Shadow Hearts: Covenant
Game Info
Platform(s)
PS2
Publisher
Midway/Aruze
Developer
Nautilus
Genre
RPG
Official Website
ESRB Rating
Language, Partial Nudity, Suggestive Themes, Violence
 
Grade
The Good

• Great graphics
• Change of story theme is nice
• Story is pretty solid
• Judgment Ring adds interactivity to battle

The Bad

• Lots and lots of Ring usage
• A bit too easy and straightforward

 
Grade
A-

Shadow Hearts: Covenant takes the RPG mold and fashions it in a manner that proves to be a fresh angle on the genre. Instead of sci-fi or fantasy themes, the game is set in a dark environment, hinged on the early World War 1 timeline of Europe. Set a short while after the first game, Covenant is set at the onset of the war. The game begins with the German officer Karin Koenig, attempting to take over the village of Domremy only to be fended off by a powerful demon, who is later revealed to be Yuri Hyuga. Karin returns later with help and a curse is placed on Yuri, removing his powers and his ability to transform into various demon forms. This of course, leads into a far larger-scale story involving the Sapientes Gladio, and evil secret society. While most of the story is dark and littered with mysticism, there are silly moments that balance the whole experience out.

While Shadow Hearts: Covenant uses a lot of the standard RPG conventions in its gameplay, it does feature The Judgment Ring, a nice gameplay aspect that includes some interactivity to the turn-based combat. As with most RPGs, players are set about areas, given goals to perform to forward the story and during their travels, find themselves in random battles, where the turn-based combat plays out. When you cast a spell, use an item or just attack, a ring pops up that requires button presses to land attacks or make those attacks more powerful. Over time, players can customize the rings for each character to include more attacks or widen the attack or critical areas. This ring is used in other aspects of the game, but none are more important that the effects it has in combat.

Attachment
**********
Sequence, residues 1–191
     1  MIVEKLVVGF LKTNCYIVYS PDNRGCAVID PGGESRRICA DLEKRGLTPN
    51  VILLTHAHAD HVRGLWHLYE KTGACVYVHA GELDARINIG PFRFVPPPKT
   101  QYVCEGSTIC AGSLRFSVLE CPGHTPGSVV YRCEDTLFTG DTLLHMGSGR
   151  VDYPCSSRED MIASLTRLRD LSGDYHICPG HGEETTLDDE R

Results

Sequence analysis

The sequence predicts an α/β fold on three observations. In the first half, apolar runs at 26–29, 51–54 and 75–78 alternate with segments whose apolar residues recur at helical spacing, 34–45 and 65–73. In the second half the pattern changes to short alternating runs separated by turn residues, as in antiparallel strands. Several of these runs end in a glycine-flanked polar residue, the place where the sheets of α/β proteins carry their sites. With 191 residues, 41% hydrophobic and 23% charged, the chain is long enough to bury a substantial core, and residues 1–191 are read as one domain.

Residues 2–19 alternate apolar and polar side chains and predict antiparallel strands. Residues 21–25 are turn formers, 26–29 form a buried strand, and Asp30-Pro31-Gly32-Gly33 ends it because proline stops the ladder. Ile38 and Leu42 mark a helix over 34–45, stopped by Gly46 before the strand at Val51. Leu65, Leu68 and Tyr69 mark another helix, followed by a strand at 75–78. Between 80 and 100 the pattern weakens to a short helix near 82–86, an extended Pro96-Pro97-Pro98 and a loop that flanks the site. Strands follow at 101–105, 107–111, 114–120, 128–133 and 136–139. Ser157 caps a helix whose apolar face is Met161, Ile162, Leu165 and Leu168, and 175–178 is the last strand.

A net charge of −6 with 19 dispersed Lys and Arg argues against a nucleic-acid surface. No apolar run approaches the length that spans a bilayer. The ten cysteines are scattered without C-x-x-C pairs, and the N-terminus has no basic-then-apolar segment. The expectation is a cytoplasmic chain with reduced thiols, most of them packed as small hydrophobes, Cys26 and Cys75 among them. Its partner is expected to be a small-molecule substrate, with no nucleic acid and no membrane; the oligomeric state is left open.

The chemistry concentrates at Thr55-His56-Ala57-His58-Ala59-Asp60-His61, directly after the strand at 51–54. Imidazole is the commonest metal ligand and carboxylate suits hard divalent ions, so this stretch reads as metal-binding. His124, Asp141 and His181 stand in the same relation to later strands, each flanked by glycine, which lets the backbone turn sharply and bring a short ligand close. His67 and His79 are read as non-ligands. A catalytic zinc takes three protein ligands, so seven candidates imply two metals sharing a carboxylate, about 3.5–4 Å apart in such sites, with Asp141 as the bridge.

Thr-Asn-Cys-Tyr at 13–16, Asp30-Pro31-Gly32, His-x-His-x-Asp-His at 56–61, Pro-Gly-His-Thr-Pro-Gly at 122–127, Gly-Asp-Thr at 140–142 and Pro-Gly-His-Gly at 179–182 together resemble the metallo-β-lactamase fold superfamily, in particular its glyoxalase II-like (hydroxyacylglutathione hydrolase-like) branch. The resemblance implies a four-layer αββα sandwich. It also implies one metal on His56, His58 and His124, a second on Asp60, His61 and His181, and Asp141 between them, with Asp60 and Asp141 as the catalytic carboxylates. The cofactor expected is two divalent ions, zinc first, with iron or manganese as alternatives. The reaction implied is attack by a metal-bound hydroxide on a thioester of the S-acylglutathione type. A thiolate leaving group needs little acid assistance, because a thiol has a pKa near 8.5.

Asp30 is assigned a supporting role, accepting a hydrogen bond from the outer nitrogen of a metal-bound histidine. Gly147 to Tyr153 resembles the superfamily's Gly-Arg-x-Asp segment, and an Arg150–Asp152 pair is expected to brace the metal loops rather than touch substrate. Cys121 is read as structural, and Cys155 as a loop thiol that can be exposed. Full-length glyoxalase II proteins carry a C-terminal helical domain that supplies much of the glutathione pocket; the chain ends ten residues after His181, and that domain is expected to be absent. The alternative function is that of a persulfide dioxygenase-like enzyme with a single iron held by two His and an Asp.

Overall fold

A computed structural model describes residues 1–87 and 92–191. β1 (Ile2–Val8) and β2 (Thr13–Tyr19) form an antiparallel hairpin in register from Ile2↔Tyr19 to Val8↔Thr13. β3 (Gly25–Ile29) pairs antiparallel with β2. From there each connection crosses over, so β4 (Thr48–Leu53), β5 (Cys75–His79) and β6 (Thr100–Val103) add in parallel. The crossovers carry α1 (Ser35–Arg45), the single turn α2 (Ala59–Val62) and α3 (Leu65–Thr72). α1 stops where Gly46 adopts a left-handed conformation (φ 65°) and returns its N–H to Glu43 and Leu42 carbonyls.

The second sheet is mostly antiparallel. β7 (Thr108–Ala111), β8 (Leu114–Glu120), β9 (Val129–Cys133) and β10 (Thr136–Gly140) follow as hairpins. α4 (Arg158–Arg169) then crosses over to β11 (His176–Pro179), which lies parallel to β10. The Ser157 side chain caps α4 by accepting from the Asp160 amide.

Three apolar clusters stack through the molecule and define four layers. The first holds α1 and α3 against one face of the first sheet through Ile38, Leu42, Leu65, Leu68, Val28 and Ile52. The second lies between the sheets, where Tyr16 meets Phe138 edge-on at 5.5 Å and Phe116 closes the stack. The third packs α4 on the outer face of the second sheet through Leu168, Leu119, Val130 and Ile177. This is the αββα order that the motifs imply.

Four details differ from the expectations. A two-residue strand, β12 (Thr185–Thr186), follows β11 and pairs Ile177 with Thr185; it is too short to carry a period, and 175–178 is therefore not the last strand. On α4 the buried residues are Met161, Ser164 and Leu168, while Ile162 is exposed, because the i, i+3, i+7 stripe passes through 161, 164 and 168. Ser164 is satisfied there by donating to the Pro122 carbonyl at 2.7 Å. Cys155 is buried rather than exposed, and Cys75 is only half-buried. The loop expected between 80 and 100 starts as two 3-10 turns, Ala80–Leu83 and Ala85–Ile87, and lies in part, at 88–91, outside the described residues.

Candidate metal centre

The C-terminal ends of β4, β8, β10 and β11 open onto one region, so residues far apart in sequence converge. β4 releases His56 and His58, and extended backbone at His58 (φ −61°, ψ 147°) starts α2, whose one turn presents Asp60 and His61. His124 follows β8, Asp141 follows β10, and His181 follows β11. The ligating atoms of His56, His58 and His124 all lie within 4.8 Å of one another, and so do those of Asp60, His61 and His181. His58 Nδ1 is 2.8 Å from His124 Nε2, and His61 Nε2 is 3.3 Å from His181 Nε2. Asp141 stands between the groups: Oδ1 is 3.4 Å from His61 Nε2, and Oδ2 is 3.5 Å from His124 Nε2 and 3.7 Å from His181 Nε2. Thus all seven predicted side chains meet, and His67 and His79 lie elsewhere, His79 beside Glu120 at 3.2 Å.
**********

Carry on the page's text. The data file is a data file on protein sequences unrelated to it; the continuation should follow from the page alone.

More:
As you progress in the game, you'll gain a set of characters, each with a different set of abilities and even a different means by which to learn new attacks. This uniqueness makes setting up your party more special, but fortunately, you can swap out characters from your combat party outside of battle.

Since battles play out on an open field, you can actually move characters near each other to perform a series of combination attacks. Be warned, though, that your enemies can do the same and even worse, they can attack your characters and push them out of combos if their impact is hard enough.

From a graphics standpoint, Covenant is a rich and beautiful game. The game world is lush and finely detailed and the character models look pretty excellent, especially during the cutscenes. CG rendered sequences are gorgeous, especially the opening sequence which sets a nice tone. Since the game is set in a real historical time, there is a certain "old world" flair to the design, though I'm not too sure on how accurate most of the costumes or locales are. Visual effects add nice touches to the game. If there's any downside to the graphics it is in the fact that some areas tend to be drab, but that can be chalked up to the fact that most of the game world is pulled from early 20th Century locations.

The music for Covenant is suitably effective for the tone and mood that the story evolves. The battle theme is actually pretty nice to hear, which is a plus considering how much time you'll invest into it. Sound effects are dead on but don't really do anything outstanding considering the genre (let's not kid ourselves - RPG effects all come from the same catalog). Since Covenant features a good bit of dialog, it's nice to have some decent voice acting. Most of the voice work is pretty good, and oddly appropriate for some of the odd characters. The voicework for Joachim is pretty damn annoying, but I figure it works for the character. If the voicework has any oddness to it, it's largely due to some "wonky" lines of text that should have been wordsmithed a bit more.

While the overall production of Shadow Hearts: Covenant is pretty solid, there are a few minor issues that some gamers may take to. The game is pretty linear (except later on when the game opens up in the second disc) and story-heavy. For those who found this fault with Final Fantasy X, Covenant will offer more of the same. Also, most of the game is pretty easy, so don't expect a Shin Megami Tensei style challenge as you progress. Finally, I hope you enjoy the Judgment Ring as it's application can grow a bit tiresome after 30-40 hours of gaming. Yes, you can turn it off, but that just makes your attacks weaker, and no good RPGer would do that.

In a genre that's steadily being filled with topnotch titles, it's hard for games like Shadow Hearts: Covenant to stand out on their own. Luckily, the adventure and the Judgment Ring aspect of combat lend themselves to a quality title that's sure to be a nice change of pace for those who love Final Fantasy.

- - Vane

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